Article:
Three years ago, when chef Gerardo Gonzalez announced he was leaving New York for a hotel gig in the Caribbean, some might have wondered why a bright young talent would cut it short. his career.
“I always try to resist a one-sided view of things,” says Gonzalez from Grand Cayman’s Palm Heights hotel, which gave him a snack to reimagine what the dining program would be like in a neighborhood. luxury resort. As it turns out, Gonzalez’s big move is said to be the third time the 38-year-old chef has worked on something. The first time was around 2014, when the soft-spoken San Diego native turned to run the luncheon on the Lower East Side El Rey. There, Gonzalez and his vegan chicharrones spot predict a wave of coveted, morally ambiguous daytime restaurants where people snap pictures of their toast: El Rey is the answer. of the East Coast for Sqirl. Then there’s Lalito, Gonzalez’s last New York project; That restaurant hosted a series of dinners highlighting themes often absent from traditional food pages — a casual party, Tres Lords, focused on Latinx identity and raised funds for the efforts. food sovereignty in Puerto Rico — long before recent calculations of representation in world cuisine.
At Palm Heights, Gonzalez built on these ideas. Since opening the hotel’s flagship restaurant, Tillie’s, he’s hosted eye-catching beachfront venue-filling dinners with creators, Hispanics, athletes and academics , from jewelry designer Soull Ogun and artist Laila Gohar to Nike master trainer Joe Holder. One event used the roti as an avenue to explore connections between South Asia and the West Indies. Another focused on Grand Cayman’s Filipino community. “People have all these associations with the island, involving international lawyers and finance, but there are 100 different nationalities represented here, on a small piece of land,” Gonzalez said.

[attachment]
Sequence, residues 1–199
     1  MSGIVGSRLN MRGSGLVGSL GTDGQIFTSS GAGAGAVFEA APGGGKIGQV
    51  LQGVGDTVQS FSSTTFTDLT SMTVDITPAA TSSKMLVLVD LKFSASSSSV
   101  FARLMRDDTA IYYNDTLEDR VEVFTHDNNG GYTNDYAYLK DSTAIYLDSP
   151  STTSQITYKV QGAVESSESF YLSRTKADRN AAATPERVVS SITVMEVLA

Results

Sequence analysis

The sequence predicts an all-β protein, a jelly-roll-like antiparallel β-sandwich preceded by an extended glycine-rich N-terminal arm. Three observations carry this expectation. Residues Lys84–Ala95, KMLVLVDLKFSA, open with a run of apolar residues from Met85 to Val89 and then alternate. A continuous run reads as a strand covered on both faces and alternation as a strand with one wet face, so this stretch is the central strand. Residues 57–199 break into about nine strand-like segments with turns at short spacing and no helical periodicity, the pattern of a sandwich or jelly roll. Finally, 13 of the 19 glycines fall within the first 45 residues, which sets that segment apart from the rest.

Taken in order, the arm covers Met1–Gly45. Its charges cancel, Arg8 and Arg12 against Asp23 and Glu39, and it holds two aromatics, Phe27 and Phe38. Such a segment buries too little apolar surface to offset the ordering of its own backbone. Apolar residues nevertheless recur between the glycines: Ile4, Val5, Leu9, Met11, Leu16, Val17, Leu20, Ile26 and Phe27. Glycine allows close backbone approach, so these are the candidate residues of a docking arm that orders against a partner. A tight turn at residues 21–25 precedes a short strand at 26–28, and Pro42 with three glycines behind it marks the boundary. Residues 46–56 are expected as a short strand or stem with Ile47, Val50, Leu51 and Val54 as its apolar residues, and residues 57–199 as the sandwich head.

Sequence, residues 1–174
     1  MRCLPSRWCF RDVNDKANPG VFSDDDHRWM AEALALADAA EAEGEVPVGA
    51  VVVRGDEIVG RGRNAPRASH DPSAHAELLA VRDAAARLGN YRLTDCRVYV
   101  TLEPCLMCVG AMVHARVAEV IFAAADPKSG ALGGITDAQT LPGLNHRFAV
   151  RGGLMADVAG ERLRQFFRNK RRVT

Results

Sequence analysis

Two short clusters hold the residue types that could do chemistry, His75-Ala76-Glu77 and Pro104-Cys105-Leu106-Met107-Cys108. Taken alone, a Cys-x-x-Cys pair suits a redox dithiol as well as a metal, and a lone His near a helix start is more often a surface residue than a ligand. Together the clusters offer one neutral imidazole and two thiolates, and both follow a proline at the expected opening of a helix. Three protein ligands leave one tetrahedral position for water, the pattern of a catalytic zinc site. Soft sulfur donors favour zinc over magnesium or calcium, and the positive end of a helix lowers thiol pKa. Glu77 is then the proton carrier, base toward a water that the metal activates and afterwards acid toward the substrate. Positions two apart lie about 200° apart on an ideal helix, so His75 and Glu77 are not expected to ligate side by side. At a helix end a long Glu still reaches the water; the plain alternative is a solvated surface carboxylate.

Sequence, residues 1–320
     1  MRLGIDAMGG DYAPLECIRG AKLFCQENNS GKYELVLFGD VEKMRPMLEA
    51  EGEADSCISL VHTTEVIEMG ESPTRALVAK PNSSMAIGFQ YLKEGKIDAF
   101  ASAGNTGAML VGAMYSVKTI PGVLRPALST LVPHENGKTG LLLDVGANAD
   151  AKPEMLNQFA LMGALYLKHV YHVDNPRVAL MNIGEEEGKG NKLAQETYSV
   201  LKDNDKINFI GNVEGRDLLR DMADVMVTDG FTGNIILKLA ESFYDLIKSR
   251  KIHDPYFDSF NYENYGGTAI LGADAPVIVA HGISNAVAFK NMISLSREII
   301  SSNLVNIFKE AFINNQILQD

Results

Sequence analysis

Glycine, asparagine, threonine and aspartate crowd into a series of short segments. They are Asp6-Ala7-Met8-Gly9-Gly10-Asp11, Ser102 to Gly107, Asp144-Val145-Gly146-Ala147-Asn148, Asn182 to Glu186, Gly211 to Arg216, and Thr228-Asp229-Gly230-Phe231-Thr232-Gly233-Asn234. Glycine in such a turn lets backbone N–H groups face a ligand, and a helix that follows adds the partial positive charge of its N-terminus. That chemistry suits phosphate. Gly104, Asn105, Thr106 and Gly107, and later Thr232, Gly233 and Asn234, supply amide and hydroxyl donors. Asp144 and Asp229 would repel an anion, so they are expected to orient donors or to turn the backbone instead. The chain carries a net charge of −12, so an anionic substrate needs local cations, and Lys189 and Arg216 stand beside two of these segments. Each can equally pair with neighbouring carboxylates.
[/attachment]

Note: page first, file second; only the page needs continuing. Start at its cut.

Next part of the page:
This type of multidisciplinary cross-pollination is not entirely appropriate for the age of self-isolation. Gonzalez was eager to pack up again. This summer, Trinidad & Tobago-born artist Adam Cooper and Hammer museum curator Erin Christovale will assist in subject selection, performers and guests in an ongoing investigation into the connection.” between the West Indies and South Asia, West Africa, and beyond. In the near future, chef Lee Desrosiers will be a resident of the fire, preparing lavish parties on the beach. For the hotel’s upcoming spa, Gonzalez and his right-hand man at Tillie’s, chef Jake Brodsky (formerly of Eleven Madison Park), are crafting a plant-based menu in consultation with Dr. athletes and health professionals. Gonzalez is also building a delicate cadaver-inspired fermentation lab: When a chef visits, she’ll use what the last guy left behind. Chef Pamela Yung and artist Lexie Smith will be among the opening participants. “Imagine a chef going to Grand Cayman for the first time,” says Gonzalez, “and suddenly encountering miso made from bread, or wine made from the local hibiscus plant.”
https://www.vanityfair.com/style/2021/07/chef-gerardo-gonzalez-perfects-the-art-of-collaboration | Chef Gerardo Gonzalez Perfects the Art of Collaboration